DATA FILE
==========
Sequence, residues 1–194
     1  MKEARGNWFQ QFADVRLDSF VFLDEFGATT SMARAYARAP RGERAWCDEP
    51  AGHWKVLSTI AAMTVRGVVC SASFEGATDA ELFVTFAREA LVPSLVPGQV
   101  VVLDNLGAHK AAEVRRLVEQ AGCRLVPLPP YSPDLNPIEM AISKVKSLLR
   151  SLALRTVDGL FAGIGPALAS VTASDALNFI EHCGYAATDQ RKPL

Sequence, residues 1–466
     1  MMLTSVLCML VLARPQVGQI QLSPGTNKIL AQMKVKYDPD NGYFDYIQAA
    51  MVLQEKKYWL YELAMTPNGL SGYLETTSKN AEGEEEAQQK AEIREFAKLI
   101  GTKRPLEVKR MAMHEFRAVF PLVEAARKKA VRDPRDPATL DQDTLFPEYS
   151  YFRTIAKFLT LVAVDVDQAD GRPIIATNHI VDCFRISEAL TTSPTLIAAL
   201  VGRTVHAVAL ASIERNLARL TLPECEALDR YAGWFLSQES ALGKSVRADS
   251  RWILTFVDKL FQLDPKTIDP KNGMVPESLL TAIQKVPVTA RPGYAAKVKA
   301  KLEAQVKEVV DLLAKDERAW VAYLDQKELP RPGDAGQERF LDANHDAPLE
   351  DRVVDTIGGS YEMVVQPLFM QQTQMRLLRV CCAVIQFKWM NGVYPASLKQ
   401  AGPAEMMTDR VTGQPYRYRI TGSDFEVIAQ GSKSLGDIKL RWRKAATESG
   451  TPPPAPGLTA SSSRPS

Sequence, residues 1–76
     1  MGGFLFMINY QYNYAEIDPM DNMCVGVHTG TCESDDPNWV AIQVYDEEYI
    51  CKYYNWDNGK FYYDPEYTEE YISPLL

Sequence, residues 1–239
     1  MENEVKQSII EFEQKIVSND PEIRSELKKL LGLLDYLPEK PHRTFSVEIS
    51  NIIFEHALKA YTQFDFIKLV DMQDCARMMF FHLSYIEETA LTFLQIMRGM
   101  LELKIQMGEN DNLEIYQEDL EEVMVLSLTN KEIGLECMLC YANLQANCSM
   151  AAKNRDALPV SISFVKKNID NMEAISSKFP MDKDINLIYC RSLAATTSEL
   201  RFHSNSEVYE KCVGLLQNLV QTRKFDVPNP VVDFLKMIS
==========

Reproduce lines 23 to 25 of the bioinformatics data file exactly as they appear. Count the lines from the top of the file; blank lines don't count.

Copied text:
   101  LELKIQMGEN DNLEIYQEDL EEVMVLSLTN KEIGLECMLC YANLQANCSM
   151  AAKNRDALPV SISFVKKNID NMEAISSKFP MDKDINLIYC RSLAATTSEL
   201  RFHSNSEVYE KCVGLLQNLV QTRKFDVPNP VVDFLKMIS